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Reputation risk refers to the likelihood of negative events, as well as public opinions and perceptions, that are adversely impacting an entity’s income, brand, support, and public image. Brand reputational risks are hidden threats or dangers to the standing of a business or entity. Reputational risks pose threats to the survival of the biggest and best-run companies as it can wipe out millions or billions of dollars in market capitalization.
A broader understanding of the reputational and financial impact of environmental, social and governance (ESG) issues has led stakeholders to appreciate the significance of these issues to a company’s financial performance. More companies are being compelled to manage their ESG risks and disclose these activities in their 10-K and 10-Q financial reports.
These reputational risks cover a wide range that includes climate change, board gender composition, workplace culture, human rights, anti-bribery and anti-corruption efforts and data privacy, among others. From climate change activism to diversity in leadership positions, boards of directors and asset managers are increasingly faced with the question of the extent to which ESG factors are taken into account in their operations.
Failing to observe ESG factors can lead to reputational risk, for both the public corporation and asset managers. Research suggests that taking ESG factors into account increases firm value since the presence of institutional ownership is related to a firm’s environmental and social performance. Ultimately, the reputational risk could threaten the life and longevity of a company when not prevented or properly managed.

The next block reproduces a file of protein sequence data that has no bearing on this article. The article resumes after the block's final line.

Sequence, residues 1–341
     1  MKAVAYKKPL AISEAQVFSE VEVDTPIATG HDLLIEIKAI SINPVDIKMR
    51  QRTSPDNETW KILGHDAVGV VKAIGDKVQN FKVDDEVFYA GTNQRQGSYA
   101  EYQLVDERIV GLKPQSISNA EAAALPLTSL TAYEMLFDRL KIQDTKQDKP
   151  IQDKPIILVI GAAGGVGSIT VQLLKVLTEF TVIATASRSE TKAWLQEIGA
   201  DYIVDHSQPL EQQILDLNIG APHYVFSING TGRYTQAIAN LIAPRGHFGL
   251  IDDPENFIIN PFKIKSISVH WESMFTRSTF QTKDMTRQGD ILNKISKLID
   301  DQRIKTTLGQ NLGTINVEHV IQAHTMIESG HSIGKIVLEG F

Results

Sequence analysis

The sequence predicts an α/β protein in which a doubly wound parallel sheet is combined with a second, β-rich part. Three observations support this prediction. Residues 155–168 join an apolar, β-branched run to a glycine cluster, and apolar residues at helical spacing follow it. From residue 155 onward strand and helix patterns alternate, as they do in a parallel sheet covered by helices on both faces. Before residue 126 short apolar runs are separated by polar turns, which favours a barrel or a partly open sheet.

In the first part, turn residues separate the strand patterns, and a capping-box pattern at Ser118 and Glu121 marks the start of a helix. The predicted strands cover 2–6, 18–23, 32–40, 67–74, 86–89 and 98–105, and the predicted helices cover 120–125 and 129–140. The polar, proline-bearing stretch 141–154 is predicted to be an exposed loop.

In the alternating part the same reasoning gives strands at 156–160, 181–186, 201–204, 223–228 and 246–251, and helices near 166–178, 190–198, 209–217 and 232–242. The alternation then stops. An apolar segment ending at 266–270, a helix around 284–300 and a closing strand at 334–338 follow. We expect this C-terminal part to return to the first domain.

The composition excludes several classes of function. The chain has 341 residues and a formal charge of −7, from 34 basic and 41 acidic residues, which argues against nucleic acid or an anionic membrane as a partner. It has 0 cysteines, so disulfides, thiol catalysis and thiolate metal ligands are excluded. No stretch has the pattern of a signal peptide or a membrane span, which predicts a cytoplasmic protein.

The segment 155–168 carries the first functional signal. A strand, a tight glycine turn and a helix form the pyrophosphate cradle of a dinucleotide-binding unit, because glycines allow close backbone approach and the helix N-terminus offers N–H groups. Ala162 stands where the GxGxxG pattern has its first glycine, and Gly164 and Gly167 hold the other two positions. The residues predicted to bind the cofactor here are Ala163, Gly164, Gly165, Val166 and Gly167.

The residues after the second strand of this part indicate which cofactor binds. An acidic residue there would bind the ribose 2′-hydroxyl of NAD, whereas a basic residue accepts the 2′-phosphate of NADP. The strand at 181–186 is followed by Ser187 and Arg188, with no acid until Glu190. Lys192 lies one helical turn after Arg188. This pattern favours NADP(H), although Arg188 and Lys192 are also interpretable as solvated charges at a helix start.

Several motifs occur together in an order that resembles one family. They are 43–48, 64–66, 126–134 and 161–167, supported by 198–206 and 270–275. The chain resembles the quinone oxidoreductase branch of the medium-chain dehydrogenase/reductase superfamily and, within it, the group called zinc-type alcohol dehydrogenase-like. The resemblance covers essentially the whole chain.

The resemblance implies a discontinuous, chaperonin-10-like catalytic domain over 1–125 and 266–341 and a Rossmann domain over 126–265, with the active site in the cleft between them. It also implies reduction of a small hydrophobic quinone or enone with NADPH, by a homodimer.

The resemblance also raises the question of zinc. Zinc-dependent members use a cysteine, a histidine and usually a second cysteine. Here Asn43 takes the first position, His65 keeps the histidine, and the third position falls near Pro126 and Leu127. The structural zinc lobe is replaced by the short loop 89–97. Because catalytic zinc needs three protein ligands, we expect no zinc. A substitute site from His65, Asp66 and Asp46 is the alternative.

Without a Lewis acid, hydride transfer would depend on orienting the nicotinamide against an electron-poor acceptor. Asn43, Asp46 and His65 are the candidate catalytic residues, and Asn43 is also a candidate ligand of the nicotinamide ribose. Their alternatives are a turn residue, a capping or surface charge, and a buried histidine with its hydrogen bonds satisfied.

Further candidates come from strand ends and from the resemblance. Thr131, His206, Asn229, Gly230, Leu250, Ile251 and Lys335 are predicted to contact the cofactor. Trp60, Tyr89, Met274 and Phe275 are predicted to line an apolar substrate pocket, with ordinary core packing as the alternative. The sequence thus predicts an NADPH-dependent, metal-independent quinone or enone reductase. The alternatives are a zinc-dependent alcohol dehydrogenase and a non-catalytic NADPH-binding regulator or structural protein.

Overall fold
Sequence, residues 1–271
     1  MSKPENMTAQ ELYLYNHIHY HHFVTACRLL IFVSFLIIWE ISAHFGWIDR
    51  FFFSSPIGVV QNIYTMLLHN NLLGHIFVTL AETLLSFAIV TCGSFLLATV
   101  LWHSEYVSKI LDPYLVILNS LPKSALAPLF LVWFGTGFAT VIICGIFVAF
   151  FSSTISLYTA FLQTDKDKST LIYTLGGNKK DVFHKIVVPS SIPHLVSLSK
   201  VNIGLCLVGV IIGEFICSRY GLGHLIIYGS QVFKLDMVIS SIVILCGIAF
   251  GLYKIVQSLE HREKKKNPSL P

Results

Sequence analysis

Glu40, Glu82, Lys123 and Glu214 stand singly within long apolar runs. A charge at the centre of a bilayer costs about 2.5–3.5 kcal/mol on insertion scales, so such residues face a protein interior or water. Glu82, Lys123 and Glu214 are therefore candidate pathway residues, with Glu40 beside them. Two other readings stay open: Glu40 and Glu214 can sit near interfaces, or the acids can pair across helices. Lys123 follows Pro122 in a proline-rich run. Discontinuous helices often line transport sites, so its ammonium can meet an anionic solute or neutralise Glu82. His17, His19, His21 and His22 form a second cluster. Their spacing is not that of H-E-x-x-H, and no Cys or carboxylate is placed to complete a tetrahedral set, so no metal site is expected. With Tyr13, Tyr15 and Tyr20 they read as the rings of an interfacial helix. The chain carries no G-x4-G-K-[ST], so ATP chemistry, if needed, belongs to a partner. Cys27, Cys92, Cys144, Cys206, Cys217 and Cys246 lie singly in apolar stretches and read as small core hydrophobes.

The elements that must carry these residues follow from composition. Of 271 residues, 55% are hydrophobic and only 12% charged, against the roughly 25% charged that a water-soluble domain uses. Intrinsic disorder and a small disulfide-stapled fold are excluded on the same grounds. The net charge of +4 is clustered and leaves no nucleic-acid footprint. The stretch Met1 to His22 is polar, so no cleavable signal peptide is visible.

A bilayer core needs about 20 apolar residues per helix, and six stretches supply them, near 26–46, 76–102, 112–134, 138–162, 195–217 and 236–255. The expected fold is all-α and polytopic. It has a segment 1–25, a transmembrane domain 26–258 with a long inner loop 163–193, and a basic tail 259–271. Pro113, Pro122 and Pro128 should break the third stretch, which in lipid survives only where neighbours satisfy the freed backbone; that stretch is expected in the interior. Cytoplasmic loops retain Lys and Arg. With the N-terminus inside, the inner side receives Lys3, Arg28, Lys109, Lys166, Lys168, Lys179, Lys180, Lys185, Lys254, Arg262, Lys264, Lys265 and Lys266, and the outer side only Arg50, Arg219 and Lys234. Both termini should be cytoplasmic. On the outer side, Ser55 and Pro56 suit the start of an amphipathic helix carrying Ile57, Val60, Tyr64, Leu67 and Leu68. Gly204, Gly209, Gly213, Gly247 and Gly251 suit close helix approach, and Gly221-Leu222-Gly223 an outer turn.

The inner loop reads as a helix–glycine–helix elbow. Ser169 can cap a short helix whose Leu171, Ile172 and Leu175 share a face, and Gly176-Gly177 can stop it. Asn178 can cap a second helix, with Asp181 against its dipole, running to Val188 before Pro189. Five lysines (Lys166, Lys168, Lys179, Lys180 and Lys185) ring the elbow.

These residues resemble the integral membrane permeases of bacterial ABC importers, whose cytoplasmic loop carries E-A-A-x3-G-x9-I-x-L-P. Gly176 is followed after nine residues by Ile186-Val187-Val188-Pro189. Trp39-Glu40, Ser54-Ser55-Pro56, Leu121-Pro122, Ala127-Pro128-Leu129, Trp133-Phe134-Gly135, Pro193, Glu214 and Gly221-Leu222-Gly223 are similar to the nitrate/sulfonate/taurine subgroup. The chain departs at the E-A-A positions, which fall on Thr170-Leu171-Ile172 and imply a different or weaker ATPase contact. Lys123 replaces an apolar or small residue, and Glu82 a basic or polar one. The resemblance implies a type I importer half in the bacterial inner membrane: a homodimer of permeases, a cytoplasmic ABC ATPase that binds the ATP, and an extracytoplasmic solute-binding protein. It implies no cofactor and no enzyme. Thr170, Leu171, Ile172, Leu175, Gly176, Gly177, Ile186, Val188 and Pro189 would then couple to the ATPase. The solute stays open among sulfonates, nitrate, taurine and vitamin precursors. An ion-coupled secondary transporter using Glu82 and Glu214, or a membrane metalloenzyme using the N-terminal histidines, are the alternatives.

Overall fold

Examples of reputation risk
The impact of employers on society is of paramount importance in today’s business world. Social and governance issues like workplace culture, executive behavior and data privacy have an increasing material impact on corporate performance and company reputations. Facebook’s multiple reputational risks have societal and governance aspects. With investigations into the company’s ethical practices, the Facebook brand lost some reputation equity. It didn’t help matters that CEO Mark Zuckerberg and Facebook’s leadership team didn’t handle the matter well in the media.
Facebook lost about 2.8 million US millennial users in 2017. Its stock price also took a massive dip and is easily the worst daily stock market decline in four years. The breach of trust has caused some ESG-focused investment funds to drop Facebook shares from their holdings.
Another example of reputational risk is the WeWork incident. Valued at about $47bn and with more than 500 locations in 29 countries, the WeWork brand was a unique one in the corporate world. Its then CEO, Mr Neumann built WeWork in his own image. His creation became a buzzy, multi-billion dollar company that was known for an irreplaceable corporate culture: co-working spaces, free-flowing alcohol, and a well-defined mission to “elevate the world’s consciousness”.
Since 2010, the firm has expanded from a single office in New York City to more than 500 locations in 29 countries. Japanese investment giant Softbank valued the company at $47bn (£37bn) in its most recent investment round.